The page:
Lawyers for Sen. Donald McEachin, D-Henrico, quietly dropped the Senate Democratic Caucus chairman's lawsuit challenging Senate President and Lt. Gov. Bill Bolling's ability to cast a tie-breaking vote on organizational matters in the chamber.
McEachin filed the lawsuit in December after November's election left both parties with 20 seats in the Senate and Republican leaders, along with Bolling, made clear they intended to use the lieutenant governor's tie-breaker to take control of the chamber.
McEachin had sought a temporary injunction against Bolling casting a vote, but the judge in the case said that was premature.
McEachin retained the right to refile the suit, but said at this point it was a "distraction."
"I thought it best to keep the focus on the budget and on the divisive social agenda the Republican have advanced," McEachin said Monday. "I thought this would be a distraction to that."
Attorney General Ken Cuccinelli said Friday he believes his office's motion to dismiss the suit would have ultimately been successful, and he will refile that motion if McEachin brings back the legal challenge.
"From the beginning of this case, it has been clear that the lieutenant governor has the right to vote on senate organization and break other ties, unless the Constitution of Virginia limits the vote to members elected to the senate," Cuccinelli said. "That will still be true if another suit is filed, and therefore, we will seek dismissal of any new suits."
Bolling said Friday he is pleased that McEachin decided to drop the law suit.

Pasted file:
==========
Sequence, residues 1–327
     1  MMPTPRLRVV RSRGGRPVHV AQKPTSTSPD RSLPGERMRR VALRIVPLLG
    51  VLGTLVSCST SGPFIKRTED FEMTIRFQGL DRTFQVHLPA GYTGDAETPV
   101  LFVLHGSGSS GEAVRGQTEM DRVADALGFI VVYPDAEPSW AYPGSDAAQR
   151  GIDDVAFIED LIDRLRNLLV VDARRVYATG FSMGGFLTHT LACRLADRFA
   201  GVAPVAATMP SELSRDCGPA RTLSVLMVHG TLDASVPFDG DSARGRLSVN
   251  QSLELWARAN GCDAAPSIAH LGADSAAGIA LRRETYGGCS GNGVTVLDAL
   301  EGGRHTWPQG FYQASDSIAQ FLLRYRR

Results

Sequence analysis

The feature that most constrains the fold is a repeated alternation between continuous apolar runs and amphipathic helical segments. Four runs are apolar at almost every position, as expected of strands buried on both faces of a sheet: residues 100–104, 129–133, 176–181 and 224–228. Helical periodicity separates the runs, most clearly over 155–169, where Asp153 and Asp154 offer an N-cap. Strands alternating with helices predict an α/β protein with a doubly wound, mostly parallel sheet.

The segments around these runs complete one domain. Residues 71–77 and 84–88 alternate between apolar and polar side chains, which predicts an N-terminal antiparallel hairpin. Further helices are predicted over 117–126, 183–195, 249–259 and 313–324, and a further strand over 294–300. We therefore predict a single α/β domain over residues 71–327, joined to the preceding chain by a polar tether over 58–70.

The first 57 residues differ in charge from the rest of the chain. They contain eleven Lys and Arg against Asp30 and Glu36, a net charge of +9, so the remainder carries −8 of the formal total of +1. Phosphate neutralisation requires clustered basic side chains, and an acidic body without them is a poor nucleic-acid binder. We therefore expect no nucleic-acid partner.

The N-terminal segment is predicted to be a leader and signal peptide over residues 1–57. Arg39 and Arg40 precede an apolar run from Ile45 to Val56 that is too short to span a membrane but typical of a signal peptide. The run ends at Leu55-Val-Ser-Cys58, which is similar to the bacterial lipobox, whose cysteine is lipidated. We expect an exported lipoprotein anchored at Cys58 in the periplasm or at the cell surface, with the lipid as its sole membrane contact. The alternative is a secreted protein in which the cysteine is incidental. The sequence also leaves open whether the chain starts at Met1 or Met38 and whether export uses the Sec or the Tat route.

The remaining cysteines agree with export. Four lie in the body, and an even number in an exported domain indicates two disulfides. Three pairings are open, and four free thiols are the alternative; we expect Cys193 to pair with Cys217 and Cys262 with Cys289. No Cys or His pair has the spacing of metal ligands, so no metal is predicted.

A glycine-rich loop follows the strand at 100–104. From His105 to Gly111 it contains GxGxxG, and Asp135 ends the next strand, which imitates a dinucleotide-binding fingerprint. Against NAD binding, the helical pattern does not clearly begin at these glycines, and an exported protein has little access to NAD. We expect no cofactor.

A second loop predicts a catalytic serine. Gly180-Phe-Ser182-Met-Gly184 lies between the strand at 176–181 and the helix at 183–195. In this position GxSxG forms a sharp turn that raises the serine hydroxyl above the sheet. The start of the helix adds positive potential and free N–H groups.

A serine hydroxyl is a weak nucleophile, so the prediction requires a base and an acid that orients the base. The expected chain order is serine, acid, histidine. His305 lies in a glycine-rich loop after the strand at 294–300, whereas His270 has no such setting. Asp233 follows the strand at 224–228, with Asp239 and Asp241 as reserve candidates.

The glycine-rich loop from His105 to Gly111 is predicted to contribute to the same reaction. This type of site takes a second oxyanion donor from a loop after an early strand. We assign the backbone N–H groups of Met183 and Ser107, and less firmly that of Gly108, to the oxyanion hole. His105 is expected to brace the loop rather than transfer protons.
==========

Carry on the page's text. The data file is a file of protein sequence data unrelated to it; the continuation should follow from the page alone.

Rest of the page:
"I am pleased to hear Senator McEachin has decided to non-suit this case," Bolling said. "We felt the case was without merit and we were encouraged by the court's earlier rulings that seemed to uphold our position. Hopefully, Senator McEachin's decision is an indication that we can move beyond issues such as this and focus on getting the people's business done in the final days of the legislative session. Priority number one should be the adoption of a state budget to make certain that we can continue to fund the core responsibilities of state government and protect the interests of the people we serve. I look forward to working with Republicans and Democrats to do everything we can to accomplish this goal on a timely basis."
On Thursday Senate Democrats successfully stopped passage of the chamber's version of the state budget - a policy area that Bolling can not cast tie-breakers on. Republicans contend that action by the rival party was due to "bruised egos" over the organization of the Senate.
Senate Democrats say that's not the case. They say their problems are substantive - having to do with underfunding education and the social safety net.